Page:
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Ebola Transmission Has Stopped in West Africa for the First Time in Two Years

Thursday marks 42 days since the last Ebola patient in Liberia tested negative for the virus. For the first time since December 2013, the World Health Organization says that there are no chains of transmission in Guinea, Liberia, or Sierra Leone.
Photo by Ahmed Jallanzo/EPA

For the first time since December 2013, transmission of the Ebola virus in West Africa is said to have stopped, according to the World Health Organization. It made the announcement as it declared today that Liberia's outbreak has officially ended — the third time it has done so since the largest Ebola outbreak in history began its spread.

"WHO declares the end of the most recent outbreak of Ebola virus disease in Liberia and says all known chains of transmission have been stopped in West Africa," the United Nations health agency said in a news release. "But the Organization says the job is not over, more flare-ups are expected and that strong surveillance and response systems will be critical in the months to come."


Thursday marks 42 days since the last Ebola patient in the country tested negative for the virus, completing the length of time required by WHO to declare an end to transmission. After previous declarations on two separate occasions in 2014, in November Liberia saw another flare-up of the deadly hemorrhagic fever that has claimed 11,300 lives across Guinea, Sierra Leone, and Liberia over the last two years.

"WHO commends Liberia's government and people on their effective response to this recent re-emergence of Ebola," said Dr. Alex Gasasira, the WHO representative in Liberia. "The rapid cessation of the flare-up is a concrete demonstration of the government's strengthened capacity to manage disease outbreaks. WHO will continue to support Liberia in its effort to prevent, detect, and respond to suspected cases."

Ebola first showed up in Liberia in the spring of 2014 after crossing the border from Guinea, where the virus initially took hold in the forest region of the West African country in December 2013. Ebola quickly made its way to Monrovia, the nation's capital — a rare instance of the virus hitting an urban area in the nearly 40 years since it was discovered in the forests of central Africa.

Poor healthcare infrastructure, lack of preparedness, a slow international response, and community disbelief all combined to perpetuate West Africa's first-ever outbreak of Ebola, which causes symptoms that include fever, vomiting, diarrhea, and even hemorrhaging during the late stages.


As the outbreak spiraled out of control in Guinea, Sierra Leone, and Liberia in the summer of 2014, the chaos in Liberia peaked in August and September of that year. As news outlets broadcast footage around the world of people lying sick in the streets of Monrovia as they awaited medical attention, the international community kicked into gear and the WHO declared a public health emergency of international concern. Countries sent funds and manpower to aid in the response efforts, with the US dispatching its military to Liberia to build temporary hospitals and clinics.

Marking the end of Ebola transmission on Thursday, the international medical charity Médecins Sans Frontières, also known as Doctors Without Borders (MSF), called on the international community to draw from these lessons to improve future response efforts.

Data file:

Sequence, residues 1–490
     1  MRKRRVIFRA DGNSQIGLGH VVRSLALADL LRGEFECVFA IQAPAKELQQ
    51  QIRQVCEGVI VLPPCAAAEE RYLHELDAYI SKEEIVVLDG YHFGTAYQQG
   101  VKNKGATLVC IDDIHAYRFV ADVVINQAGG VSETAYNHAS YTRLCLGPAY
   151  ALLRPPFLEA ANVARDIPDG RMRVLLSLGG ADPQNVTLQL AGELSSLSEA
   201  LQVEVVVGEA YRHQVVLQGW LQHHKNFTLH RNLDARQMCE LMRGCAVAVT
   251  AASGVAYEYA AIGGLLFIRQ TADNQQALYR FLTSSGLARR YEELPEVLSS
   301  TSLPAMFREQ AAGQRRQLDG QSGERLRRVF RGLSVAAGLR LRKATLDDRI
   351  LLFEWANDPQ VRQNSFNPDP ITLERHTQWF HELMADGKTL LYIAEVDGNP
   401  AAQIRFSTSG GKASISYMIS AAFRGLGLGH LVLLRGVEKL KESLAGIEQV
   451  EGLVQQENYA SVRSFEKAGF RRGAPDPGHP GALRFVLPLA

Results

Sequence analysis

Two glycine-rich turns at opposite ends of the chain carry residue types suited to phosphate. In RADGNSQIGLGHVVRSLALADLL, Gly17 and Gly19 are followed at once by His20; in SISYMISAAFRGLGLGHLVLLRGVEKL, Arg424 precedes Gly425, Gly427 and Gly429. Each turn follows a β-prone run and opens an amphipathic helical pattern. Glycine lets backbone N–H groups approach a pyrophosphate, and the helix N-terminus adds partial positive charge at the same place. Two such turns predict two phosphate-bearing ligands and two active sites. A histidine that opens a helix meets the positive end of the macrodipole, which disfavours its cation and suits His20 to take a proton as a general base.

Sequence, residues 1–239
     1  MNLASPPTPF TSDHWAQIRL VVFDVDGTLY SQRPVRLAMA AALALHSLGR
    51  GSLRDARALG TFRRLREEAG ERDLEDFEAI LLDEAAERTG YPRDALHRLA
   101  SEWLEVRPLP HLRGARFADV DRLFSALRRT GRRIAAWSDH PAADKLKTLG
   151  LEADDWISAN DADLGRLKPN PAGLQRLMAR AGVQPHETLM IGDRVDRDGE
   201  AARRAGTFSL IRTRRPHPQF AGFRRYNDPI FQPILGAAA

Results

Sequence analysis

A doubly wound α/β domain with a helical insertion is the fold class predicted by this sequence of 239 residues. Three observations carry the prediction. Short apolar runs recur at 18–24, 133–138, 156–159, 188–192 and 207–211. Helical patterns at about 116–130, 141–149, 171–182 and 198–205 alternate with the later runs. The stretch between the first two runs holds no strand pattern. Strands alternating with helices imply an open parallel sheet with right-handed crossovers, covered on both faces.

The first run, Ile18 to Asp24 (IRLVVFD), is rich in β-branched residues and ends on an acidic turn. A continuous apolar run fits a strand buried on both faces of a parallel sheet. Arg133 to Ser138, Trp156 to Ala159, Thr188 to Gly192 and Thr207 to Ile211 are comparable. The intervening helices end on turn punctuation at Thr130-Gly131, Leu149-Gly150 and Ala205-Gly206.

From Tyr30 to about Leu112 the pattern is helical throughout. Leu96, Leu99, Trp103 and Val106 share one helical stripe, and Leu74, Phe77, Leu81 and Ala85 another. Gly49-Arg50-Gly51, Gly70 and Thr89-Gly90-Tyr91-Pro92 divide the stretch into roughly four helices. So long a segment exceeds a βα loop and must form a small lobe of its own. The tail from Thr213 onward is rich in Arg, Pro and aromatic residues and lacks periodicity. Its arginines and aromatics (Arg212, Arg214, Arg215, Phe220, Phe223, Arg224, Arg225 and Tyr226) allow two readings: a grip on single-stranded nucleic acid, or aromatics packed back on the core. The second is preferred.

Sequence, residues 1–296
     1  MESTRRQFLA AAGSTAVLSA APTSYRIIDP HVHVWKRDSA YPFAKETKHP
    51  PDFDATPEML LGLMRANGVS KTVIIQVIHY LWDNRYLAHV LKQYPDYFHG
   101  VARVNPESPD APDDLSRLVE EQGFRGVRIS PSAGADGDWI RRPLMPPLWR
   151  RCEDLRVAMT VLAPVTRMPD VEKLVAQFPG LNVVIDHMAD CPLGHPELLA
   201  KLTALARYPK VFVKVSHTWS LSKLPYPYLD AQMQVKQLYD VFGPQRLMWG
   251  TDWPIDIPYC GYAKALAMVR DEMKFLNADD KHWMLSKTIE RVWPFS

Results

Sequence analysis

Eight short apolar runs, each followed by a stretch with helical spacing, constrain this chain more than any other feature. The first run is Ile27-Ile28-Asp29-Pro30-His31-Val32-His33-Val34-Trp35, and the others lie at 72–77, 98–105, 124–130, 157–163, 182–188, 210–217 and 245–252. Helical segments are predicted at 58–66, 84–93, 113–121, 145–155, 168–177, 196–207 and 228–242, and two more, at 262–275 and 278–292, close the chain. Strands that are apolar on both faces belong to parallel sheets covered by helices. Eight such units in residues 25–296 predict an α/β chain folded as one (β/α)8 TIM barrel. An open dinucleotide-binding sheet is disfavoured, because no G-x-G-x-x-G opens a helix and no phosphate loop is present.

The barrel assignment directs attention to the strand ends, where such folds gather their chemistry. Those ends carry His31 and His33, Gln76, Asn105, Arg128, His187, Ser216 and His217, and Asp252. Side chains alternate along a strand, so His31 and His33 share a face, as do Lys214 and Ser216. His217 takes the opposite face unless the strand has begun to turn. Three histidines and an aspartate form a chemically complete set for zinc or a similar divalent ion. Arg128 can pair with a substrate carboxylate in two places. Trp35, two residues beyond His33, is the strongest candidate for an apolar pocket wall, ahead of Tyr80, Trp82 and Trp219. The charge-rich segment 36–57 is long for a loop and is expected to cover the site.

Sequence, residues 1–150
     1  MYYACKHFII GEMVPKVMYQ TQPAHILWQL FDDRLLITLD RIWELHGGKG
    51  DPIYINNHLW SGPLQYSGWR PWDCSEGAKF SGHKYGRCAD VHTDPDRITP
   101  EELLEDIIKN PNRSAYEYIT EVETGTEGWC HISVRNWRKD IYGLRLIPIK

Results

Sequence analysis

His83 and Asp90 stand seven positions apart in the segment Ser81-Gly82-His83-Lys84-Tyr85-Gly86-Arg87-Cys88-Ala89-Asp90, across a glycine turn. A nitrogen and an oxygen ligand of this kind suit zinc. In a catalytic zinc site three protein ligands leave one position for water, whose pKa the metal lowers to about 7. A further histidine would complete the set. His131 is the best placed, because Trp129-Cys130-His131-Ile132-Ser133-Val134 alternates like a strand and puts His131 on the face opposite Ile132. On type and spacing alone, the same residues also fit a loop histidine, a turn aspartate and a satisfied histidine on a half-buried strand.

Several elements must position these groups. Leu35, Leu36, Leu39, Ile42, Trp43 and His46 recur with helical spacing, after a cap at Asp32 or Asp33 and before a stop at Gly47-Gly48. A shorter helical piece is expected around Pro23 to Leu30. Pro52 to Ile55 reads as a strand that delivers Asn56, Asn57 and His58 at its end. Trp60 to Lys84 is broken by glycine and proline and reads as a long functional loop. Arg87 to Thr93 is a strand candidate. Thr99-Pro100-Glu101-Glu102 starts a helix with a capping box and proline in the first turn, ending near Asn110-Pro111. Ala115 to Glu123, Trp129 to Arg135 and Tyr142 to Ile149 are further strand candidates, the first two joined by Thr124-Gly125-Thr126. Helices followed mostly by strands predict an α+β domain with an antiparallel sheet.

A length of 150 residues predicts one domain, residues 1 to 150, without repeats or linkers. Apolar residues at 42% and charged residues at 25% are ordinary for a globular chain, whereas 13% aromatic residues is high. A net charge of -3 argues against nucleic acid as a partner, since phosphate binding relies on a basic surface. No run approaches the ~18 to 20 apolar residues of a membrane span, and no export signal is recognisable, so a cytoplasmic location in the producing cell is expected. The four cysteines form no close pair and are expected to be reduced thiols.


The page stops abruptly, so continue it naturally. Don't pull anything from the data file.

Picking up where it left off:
"We must all learn from this experience to improve how we respond to future epidemics and to neglected diseases," said Joanne Liu, MSF's international president. "This Ebola response was not limited by lack of international means but by a lack of political will to rapidly deploy assistance to help communities. The needs of patients and affected communities must remain at the heart of any response and outweigh political interests."

Over the course of the 25-month-long outbreak in West Africa, MSF treated more than 5,000 patients who tested positive for Ebola, plus thousands of others with Ebola-like symptoms. Nearly 29,000 people contracted the virus in Guinea, Sierra Leone, and Liberia in total, along with cases that showed up in Nigeria, Senegal, Mali, Spain, and the United States after visitors or healthcare workers arrived in those countries while infected.

Moving forward, WHO said it is working to ensure robust prevention, surveillance, and response capacity as the countries enter a critical test to ending the Ebola outbreak for good. As has been the case in Liberia, the organization expects occasional flare-ups in the effected countries, likely a result of the fact that the virus is believed to stay in the system of survivors for up to nine months — a sharp increase over previous estimates of 90 days. For the time being, all three countries will remain under heightened surveillance for a 90-day period, which will end in February 2016 for Sierra Leone and March 2016 for Guinea and Liberia.

Since March, WHO said that transmission through survivors is believed to have sparked 10 new chains of minor Ebola outbreaks, known as flares, in addition to the original outbreak. With more than 10,000 survivors across the three countries, WHO's special representative for the Ebola response, Bruce Aylward, has stressed the importance of continued vigilance in the region as the persistence of the virus in this population could give rise to new Ebola flares into 2016.

"We are now at a critical period in the Ebola epidemic as we move from managing cases and patients to managing the residual risk of new infections," Aylward said in a statement on Thursday. "The risk of re-introduction of infection is diminishing as the virus gradually clears from the survivor population, but we still anticipate more flare-ups and must be prepared for them."

Follow Kayla Ruble on Twitter: @RubleKB